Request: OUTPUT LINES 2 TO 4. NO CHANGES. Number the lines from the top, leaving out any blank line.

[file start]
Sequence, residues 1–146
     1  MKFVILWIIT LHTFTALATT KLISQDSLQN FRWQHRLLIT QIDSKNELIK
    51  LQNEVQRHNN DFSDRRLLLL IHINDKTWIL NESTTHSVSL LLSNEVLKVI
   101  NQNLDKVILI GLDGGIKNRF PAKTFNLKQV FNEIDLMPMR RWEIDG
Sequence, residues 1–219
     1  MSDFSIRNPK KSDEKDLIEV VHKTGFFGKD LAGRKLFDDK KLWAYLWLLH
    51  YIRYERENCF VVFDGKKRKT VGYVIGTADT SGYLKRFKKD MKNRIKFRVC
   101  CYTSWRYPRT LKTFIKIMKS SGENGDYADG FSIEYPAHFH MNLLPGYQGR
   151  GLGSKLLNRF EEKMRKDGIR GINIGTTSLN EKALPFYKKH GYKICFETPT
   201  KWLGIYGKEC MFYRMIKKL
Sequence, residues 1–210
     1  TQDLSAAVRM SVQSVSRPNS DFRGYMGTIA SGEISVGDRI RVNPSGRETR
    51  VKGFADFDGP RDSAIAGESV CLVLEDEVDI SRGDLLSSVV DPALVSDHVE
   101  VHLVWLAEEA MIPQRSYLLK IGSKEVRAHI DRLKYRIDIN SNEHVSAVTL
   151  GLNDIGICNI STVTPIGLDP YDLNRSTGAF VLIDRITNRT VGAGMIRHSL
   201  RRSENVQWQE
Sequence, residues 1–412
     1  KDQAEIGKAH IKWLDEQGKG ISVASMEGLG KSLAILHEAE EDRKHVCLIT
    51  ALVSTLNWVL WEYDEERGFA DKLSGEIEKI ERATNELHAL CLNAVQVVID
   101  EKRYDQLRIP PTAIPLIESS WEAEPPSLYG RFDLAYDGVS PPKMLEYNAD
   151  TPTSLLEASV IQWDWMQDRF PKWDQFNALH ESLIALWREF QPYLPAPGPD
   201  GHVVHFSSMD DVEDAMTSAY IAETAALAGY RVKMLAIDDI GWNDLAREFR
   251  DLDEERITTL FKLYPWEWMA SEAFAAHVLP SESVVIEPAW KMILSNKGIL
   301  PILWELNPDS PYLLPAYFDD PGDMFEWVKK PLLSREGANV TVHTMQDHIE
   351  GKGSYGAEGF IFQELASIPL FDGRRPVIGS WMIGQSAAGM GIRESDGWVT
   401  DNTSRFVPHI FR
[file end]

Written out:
     1  MKFVILWIIT LHTFTALATT KLISQDSLQN FRWQHRLLIT QIDSKNELIK
    51  LQNEVQRHNN DFSDRRLLLL IHINDKTWIL NESTTHSVSL LLSNEVLKVI
   101  NQNLDKVILI GLDGGIKNRF PAKTFNLKQV FNEIDLMPMR RWEIDG